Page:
Launching a luxury fashion label could seem like a bizarre career choice for a lawyer who at the tender age of 25 helped his native South Africa heal the wounds of apartheid.
But for Paul Van Zyl, his evolution from executive secretary of South Africa's Truth and Reconciliation Commission to co-founder of Maiyet _ a new fashion house with price points hovering between $500-$2,500 _ makes circuitous but perfect sense.
Launched Sunday with a runway show during Paris fashion week, Maiyet aims to promote development through high-end consumption, by tapping into the skills of artisans in developing countries to churn out sleek, desirable luxury clothes, handbags, shoes and jewelry.
The debut collection was basically an edgy urban wardrobe with an added touch. Khaki trench coats were embellished with a fancy but discreet flourish of embroidery in the same shade; the spring-summer 2012 season's go-to staple _ high-waisted shorts _ were served up in sumptuous silks hand-printed in Indonesia; a bubble dress was made from hand-loomed Indian cotton.
The concept _ shop to help the poor! _ is hardly a new one, but Van Zyl and the label's president, Kristy Caylor, stress that what sets them apart from other do-gooders with similar goals is the quality of their goods.
"We don't want to be a pity product," Caylor told The Associated Press in an interview. "It's not sustainable. It lasts a couple of seasons and then the customers stop coming back.
"We are about making things that people genuinely desire, regardless of whether they're 'good' or not," she said.
Maiyet, named after the Egyptian goddess of truth and harmony, is currently working with groups of artisans in five countries: India and Indonesia for textiles and embroidery, Colombia for silver jewelry, and Kenya and South Africa for accessories carved out of bone and horn.
"We don't tell them, 'do this faster and cheaper,'" Van Zyl said ahead of Sunday's show. "We say, 'do it slowly and carefully and better and we'll put it on a rack at Barneys.'"
Final products are put together in small factories in Italy, the Mecca of the luxury industry.
Because artisans in the developing world often don't have the tools or training necessary to churn out luxury products that meet international standards right away, Maiyet is working with an organization called Nest that provides training to help craftsmen and women hone their skills, Caylor said. She added that artisans in three additional countries _ Liberia, Togo and Mexico _ are undergoing training and could soon be contributing to Maiyet.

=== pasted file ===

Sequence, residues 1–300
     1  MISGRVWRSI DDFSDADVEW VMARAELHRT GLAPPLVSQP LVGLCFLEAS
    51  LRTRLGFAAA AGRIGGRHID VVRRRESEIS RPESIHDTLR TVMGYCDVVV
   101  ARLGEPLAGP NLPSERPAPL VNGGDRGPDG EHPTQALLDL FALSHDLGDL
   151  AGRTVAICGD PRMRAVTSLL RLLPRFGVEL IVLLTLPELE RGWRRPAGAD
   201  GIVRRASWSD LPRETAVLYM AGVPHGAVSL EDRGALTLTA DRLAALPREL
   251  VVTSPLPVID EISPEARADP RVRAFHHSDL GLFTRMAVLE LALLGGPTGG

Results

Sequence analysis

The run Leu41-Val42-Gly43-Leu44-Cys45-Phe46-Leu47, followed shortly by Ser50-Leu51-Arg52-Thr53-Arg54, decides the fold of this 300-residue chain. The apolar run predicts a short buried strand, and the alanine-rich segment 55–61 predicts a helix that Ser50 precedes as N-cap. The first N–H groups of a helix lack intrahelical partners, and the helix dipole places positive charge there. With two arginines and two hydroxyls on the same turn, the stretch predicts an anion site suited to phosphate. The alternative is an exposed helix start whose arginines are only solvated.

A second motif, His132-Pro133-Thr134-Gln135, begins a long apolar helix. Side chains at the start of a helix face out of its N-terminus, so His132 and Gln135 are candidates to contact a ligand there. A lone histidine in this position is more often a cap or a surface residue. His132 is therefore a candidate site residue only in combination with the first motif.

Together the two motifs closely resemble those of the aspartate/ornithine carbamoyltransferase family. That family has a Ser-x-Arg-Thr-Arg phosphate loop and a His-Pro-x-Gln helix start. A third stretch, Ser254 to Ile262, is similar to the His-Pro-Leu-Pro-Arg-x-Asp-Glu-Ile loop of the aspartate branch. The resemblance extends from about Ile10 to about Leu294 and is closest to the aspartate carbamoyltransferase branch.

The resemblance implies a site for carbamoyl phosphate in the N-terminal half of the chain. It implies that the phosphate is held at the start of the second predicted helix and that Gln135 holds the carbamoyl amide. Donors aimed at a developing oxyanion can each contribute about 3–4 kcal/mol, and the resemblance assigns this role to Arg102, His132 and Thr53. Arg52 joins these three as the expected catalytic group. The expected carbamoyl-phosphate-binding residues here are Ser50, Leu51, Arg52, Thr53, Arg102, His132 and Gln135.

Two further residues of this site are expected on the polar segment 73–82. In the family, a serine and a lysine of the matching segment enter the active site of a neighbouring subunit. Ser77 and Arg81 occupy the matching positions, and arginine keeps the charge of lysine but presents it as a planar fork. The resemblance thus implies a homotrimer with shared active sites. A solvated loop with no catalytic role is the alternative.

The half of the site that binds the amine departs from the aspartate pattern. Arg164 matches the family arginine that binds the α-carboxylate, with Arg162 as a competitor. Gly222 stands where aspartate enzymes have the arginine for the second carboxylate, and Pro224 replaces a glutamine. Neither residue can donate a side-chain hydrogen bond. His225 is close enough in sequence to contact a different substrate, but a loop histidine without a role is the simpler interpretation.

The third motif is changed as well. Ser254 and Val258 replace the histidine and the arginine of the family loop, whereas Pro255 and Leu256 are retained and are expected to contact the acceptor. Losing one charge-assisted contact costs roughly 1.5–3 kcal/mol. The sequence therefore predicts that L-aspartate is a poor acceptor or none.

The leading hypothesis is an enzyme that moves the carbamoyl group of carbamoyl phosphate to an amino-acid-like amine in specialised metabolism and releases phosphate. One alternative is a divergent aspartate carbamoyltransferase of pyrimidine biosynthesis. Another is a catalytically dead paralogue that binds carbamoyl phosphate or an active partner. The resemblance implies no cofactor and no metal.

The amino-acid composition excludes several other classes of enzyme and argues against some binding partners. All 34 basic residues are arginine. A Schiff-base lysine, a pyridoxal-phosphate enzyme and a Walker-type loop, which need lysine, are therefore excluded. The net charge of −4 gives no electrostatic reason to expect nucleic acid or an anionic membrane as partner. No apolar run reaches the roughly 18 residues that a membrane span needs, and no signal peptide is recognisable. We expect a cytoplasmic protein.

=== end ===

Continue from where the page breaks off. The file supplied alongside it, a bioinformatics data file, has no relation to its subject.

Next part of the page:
The idea for the label grew out of Van Zyl's experience of being named a "Young Global Leader" by the World Economic Forum in Davos, Switzerland, in 2008.
"I found myself in the company of people who were using market mechanisms to achieve their development goals, whether it be getting clean water to women in Africa or bringing Muslims and Hindus together in India," said Van Zyl, who is also co-founder of the International Center for Transitional Justice, an organization that has applied the lessons learned in South Africa to 35 conflict-wracked countries around the world. "I became fascinated by the idea of using entrepreneurship to build peace and stability in developing countries."
After a grant provided initial seed money, Van Zyl went searching for people with top fashion pedigrees. Enter Caylor, a merchandising executive who had worked at the Gap, Banana Republic and the L.A.-based fashion label Band of Outsiders, among other leading brands.
The two spent the past year recruiting a six-person design team of confirmed fashion industry talent and zigzagging the globe to identify artisans. By tapping into their networks, the two targeted countries which _ despite long traditions of craftsmanship _ have a hard time tapping into the international market.
Caylor said additional funding for Maiyet came from private investors, though she declined to provide any further details.
Deals are in the works for the brand to be carried at some top retailers in the United States, including the exclusive New York department store Barneys.
Meanwhile, Van Zyl is dreaming big.
"I want it to be an absolutely gigantic success," he said, with a grin.
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